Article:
4. Behavior Guidance - The resident should have superior abilities to guide the behavior of children and parents. The resident should have good communication skills and an understanding of learning principles. Application of these skills with motivational tools will enable the resident to modify child and parental behavior. When psychological management of child behavior is inadequate, the resident will be familiar with several modes for sedation. If sedation is not indicated or if it is inadequate, the resident will be able to admit, treat, and discharge patients from a hospital in order to utilize general anesthesia in the operating room.
  5. Provision of Dental Treatment - The resident will be able to provide high quality dental care in the office or hospital environment. Some of the specific treatment procedures which the resident should be able to provide for children include:

    1. Emergency care of a systemic or dental nature.  The resident should be prepared for medical emergencies in the dental situation.  Dental emergencies due to trauma, pulp pathosis, and periodontal disease should be treated promptly and correctly by residents.
    2. Restorative dentistry for children from infancy through adolescence will be provided by residents. Expertise in restorative treatment for primary and young permanent teeth is essential.
    3. Pulpal diagnosis and treatment for the cariously involved or traumatized primary tooth or young permanent tooth will be provided by the resident.
    4. Residents will be familiar with the diagnosis and treatment management of trauma to the developing dentition and craniofacial complex.
    5. Residents should have extensive knowledge of oro-facial growth and development in order to practice preventive and interceptive occlusion management.  Problems and treatment associated with premature tooth loss, ectopic eruptions, supernumerary teeth, congenitally missing teeth, rotations, diastamas, crossbites, etc., should be familiar to the resident.
    6. Conditions which affect the periodontium should be familiar to the resident.  Residents should be able to treat aphthous ulcers, herpes simplex, acute necrotizing ulcerative gingivitis, gingivitis, periodontitis, mucogingival defects, abnormal frenums, etc.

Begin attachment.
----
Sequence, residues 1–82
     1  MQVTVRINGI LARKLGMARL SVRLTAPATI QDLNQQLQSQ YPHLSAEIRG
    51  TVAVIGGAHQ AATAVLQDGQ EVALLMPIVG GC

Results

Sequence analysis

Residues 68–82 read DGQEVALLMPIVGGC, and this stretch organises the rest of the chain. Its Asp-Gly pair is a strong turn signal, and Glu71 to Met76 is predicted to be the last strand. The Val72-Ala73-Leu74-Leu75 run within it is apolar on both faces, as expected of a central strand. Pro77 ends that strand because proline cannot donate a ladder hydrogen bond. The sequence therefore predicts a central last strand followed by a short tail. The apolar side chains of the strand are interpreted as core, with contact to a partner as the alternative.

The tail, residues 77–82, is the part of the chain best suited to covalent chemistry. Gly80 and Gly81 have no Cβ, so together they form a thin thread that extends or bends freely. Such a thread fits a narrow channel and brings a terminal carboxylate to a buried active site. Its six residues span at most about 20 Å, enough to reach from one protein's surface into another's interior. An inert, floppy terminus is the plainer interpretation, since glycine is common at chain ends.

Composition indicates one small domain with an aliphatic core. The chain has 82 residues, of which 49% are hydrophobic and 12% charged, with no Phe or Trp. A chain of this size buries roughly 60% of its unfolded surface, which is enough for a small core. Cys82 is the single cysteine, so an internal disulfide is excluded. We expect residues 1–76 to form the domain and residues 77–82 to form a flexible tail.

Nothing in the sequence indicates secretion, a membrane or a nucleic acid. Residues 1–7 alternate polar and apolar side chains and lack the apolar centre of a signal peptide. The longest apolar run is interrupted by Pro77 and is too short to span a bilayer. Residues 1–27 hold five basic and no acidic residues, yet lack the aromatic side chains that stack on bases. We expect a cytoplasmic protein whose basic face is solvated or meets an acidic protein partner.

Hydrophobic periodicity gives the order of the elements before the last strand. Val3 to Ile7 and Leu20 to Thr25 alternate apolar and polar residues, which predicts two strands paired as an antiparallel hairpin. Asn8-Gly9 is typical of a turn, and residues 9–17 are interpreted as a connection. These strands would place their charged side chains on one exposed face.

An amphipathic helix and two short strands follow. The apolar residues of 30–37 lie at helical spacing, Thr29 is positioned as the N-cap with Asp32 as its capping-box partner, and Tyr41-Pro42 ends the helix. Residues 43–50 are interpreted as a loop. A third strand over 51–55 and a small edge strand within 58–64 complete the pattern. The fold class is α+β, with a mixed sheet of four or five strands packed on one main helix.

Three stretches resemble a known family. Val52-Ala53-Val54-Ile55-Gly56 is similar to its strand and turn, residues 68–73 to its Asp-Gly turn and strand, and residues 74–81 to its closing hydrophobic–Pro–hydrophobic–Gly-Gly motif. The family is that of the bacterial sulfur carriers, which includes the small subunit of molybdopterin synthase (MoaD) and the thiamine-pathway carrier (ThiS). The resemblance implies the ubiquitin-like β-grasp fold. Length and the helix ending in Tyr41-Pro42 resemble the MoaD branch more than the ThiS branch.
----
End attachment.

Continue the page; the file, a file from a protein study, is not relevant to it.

7. Residents should be able to treat many surgical problems encountered in children including simple extractions, some impactions, supernumerary teeth, cysts, abnormal frenums, and biopsy procedures.
    8. Preventive procedures, educational and motivational efforts, diet analysis, pit and fissure sealants, professionally and self-administered fluoride regimens, and trauma prevention will be implemented by the resident.
    9. The resident will be able to treat handicapped children and older patients who require the special management skills of a pediatric dentist.
  6. Research - The resident will be able to evaluate original dental research articles for methodology, results, statistical interpretation, conclusions, and implications. Ability to conduct research may be developed from the required research project, however, the major research goal is an understanding and appreciation of published research.
  7. Poster Presentation - The resident will present a poster presentation during each year of the program.  This may be at the Pediatric Dentistry Annual meeting, other continuing education course or during the MUSC Research Day Program.
  8. Teaching - The resident will have developed considerable teaching skills by preparing and presenting lectures, by clinical exposure to children and parents, from undergraduate clinical supervision, etc.  These skills should provide the resident with a strong foundation for patient education and professional presentations.
  9. Practice Management and Auxiliary Utilization - The resident should be well prepared for most aspects of practice administration and efficient auxiliary utilization.
  10. Critical Thinking - It is expected the resident will establish an approach to learning which utilizes aspects of continual inquiry and critical thinking. The development of a lifelong attitude of study and advancement is anticipated.